But for now, America is my home, and I am happy here. Despite how crazy the country is, I can be a middle-middle class wannabe Jamaican working class Jewish agnostic, who doesn’t care about football (soccer), loves ridiculously Hipster coffee shops, eats organic food and spends most of the time practicing Martial Arts. Why? Because Americans just don’t give a flying fuck — and I love them for it.
Next: Trump Has Weaponized Right-Wing Rage Against the Media – by Chez Pazienza
Trump Has Weaponized Right-Wing Rage Against the Media
by Chez Pazienza
It’s something I’ve thought about more than once over the past year: Were I still working in cable news, no manager in their right mind would send me into a Donald Trump rally. Despite my appreciation for and adherence to the necessity of journalistic professionalism, I wouldn’t last a half-hour before I was in a fist-fight with somebody (or, more likely, several people). It wouldn’t be because I happen to be utterly repulsed by everything Trump and his yokel zombies stand for, although the submersion deep into the belly of that ugly beast would lead to a lot of teeth-gritting and fist-clenching. No, it would be because the minute Trump bared his fangs against me and my fellow members of the press, my friends and colleagues, and his ignorant shock troops turned and at their master’s command began getting in our faces — well, that would be it.
Yesterday, the man I’m legitimately fucking sick of writing about once again went after not only the political media at one of his Nuremberg-lite rallies but one reporter in particular — a woman of course. By now you probably know that NBC’s Katy Tur has been Trump’s favorite media punching bag throughout a good portion of his campaign. He’s singled her out on several occasions, calling her dishonest, a “third-rate reporter,” and of course giving her the predictably lazy nickname “Little Katy.” Tur’s crimes against Trump have been — well, nothing. She hasn’t done a fucking thing wrong, other than doing the job of reporting factual statements about Trump and quoting him directly. In Trump’s syphilitic brain, where anything not fawning or hagiographic is the product of corruption and bias, Tur’s terrific work is a personal insult.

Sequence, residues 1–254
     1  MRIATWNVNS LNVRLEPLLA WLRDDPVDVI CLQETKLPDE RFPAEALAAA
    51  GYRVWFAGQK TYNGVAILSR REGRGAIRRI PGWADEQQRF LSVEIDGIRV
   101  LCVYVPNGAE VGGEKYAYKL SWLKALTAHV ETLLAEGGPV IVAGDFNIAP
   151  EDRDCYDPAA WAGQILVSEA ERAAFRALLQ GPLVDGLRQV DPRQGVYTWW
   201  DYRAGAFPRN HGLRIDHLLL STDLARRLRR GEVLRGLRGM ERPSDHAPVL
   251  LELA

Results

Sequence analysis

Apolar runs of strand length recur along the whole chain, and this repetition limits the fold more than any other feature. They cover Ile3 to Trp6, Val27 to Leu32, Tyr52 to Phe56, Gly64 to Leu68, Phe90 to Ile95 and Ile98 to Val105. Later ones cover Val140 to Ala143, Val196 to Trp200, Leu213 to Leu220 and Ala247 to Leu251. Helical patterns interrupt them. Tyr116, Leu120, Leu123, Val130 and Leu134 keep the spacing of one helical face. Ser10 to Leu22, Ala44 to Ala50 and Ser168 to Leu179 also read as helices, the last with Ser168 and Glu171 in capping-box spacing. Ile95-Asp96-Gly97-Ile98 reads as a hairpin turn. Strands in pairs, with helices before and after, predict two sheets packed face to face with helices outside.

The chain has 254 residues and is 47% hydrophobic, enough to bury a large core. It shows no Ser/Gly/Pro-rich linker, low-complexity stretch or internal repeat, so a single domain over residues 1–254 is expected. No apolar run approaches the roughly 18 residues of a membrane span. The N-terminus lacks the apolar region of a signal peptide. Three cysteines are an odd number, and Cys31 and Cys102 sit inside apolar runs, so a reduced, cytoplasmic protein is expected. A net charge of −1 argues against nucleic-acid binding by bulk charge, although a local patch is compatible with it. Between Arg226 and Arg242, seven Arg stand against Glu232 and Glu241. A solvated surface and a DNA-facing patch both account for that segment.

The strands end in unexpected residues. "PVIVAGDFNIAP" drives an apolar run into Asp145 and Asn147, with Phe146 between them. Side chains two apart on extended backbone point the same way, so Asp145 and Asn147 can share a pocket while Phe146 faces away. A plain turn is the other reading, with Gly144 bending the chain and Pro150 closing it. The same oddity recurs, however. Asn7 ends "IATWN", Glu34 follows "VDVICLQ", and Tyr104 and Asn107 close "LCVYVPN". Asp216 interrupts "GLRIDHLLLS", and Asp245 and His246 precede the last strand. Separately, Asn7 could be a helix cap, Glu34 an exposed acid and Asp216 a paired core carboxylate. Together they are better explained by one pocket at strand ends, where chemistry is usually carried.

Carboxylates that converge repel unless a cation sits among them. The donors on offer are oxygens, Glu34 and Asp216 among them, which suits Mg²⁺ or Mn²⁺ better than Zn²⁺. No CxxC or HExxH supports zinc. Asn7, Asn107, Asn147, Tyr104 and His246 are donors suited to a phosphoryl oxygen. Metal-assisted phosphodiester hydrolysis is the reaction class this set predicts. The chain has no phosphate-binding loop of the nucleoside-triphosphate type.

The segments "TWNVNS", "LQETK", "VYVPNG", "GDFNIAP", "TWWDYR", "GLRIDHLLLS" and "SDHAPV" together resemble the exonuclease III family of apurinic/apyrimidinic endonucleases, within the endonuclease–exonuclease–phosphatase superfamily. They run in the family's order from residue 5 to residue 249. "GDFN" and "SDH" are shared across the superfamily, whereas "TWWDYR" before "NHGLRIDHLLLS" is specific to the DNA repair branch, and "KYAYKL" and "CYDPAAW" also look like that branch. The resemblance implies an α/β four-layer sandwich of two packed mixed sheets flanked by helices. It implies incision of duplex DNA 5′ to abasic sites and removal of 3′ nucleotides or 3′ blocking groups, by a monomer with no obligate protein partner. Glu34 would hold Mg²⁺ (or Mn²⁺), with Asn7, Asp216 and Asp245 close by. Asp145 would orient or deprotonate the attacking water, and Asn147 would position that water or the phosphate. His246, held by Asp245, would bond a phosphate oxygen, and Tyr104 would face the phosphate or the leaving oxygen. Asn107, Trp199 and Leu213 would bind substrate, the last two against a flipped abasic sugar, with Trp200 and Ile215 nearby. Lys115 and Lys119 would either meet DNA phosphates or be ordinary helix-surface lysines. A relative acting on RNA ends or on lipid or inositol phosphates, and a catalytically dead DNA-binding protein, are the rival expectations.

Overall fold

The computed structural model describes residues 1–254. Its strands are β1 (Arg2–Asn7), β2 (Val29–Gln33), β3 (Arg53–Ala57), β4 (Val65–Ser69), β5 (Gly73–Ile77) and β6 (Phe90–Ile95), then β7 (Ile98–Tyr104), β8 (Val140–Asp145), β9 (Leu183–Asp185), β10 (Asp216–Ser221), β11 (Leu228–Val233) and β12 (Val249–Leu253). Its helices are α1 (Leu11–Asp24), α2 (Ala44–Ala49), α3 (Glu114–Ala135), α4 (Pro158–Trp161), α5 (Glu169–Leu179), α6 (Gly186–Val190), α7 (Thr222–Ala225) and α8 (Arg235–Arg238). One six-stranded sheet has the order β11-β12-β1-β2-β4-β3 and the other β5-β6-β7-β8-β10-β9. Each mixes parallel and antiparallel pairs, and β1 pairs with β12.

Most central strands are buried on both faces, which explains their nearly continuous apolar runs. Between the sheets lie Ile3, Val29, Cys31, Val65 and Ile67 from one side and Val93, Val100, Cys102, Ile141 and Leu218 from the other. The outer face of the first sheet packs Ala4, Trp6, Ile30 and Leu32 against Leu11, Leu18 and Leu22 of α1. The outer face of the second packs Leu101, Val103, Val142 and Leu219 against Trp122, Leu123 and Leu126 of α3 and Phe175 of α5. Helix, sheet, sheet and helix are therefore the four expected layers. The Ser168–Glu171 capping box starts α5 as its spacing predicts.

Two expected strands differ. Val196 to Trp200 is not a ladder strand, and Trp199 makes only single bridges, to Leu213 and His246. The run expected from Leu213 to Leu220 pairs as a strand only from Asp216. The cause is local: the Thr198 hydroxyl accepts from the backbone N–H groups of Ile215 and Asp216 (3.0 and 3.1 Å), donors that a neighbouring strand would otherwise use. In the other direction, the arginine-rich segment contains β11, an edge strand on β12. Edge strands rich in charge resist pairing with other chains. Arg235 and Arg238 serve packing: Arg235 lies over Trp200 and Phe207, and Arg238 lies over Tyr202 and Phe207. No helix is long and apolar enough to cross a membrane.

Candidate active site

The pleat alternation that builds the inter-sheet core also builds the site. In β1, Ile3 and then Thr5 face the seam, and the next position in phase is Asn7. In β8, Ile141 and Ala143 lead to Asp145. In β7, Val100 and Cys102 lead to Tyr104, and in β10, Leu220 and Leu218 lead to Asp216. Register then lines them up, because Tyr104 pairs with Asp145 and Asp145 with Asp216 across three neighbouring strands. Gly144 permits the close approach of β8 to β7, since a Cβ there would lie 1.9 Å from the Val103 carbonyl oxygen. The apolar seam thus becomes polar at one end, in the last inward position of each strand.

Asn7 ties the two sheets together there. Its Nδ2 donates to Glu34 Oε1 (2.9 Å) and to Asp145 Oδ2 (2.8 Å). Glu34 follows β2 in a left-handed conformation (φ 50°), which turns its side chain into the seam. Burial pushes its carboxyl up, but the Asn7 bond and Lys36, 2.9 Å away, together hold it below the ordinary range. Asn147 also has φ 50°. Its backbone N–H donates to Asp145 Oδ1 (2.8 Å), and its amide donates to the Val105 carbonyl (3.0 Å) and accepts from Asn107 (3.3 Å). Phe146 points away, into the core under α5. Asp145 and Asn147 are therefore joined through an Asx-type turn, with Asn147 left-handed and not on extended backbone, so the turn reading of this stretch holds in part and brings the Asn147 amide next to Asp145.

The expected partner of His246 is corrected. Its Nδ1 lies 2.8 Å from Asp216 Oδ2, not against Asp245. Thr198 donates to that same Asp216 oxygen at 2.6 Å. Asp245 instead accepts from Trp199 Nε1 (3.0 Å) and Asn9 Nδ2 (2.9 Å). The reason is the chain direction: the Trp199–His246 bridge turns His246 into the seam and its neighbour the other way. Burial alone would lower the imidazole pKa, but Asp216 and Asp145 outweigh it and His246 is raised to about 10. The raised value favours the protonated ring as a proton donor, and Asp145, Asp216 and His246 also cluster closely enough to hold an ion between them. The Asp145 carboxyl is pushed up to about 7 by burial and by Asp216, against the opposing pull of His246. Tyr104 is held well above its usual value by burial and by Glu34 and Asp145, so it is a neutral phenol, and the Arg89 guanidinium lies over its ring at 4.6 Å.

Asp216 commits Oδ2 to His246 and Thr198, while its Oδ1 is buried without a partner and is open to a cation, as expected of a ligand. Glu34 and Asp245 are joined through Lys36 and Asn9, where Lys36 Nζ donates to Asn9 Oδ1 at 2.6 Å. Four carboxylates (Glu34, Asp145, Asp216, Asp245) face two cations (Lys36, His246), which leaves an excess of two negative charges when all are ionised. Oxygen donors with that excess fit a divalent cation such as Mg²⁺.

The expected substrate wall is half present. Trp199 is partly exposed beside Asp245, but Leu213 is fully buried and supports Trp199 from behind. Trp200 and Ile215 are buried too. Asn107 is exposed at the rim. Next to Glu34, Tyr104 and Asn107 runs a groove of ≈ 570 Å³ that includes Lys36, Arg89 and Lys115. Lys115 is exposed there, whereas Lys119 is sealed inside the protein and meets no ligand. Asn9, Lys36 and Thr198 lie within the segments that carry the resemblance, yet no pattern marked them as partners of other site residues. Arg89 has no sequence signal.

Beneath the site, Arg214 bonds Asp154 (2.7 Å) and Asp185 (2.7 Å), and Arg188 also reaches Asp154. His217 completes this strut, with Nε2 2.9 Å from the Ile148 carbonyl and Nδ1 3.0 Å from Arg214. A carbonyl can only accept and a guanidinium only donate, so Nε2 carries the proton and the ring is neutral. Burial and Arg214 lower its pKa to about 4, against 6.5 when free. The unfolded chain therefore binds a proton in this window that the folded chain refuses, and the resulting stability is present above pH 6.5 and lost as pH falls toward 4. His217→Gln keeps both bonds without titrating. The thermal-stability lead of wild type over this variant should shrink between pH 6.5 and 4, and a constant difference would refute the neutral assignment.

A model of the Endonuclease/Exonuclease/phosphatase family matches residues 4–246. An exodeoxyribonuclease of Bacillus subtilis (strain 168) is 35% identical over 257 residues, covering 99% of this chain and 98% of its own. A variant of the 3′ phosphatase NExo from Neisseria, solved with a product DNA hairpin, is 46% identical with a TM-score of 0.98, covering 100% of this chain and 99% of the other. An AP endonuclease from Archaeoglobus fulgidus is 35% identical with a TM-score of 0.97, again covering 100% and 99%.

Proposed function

As usual, Trump’s attack on Katy Tur turned the crowd on-hand against her (as well as the rest of the press). She now has to have armed security escort her to and from the rallies she’s obligated to report on, an unthinkable situation for an American journalist covering American politics in America. Tur says she’s developed the “hide of a rhinoceros” to get through it — but it goes without saying that she shouldn’t have to. The whole thing is such an issue that Trump flack Kellyanne Conway cryptically admitted live on MSNBC that she’s talked to NBC News about the problem. But even if Trump stops bullying Tur, it’s not like he’ll ever stop directing his childish ire at the media he believes just doesn’t give him a fair shake because it tells the truth about him.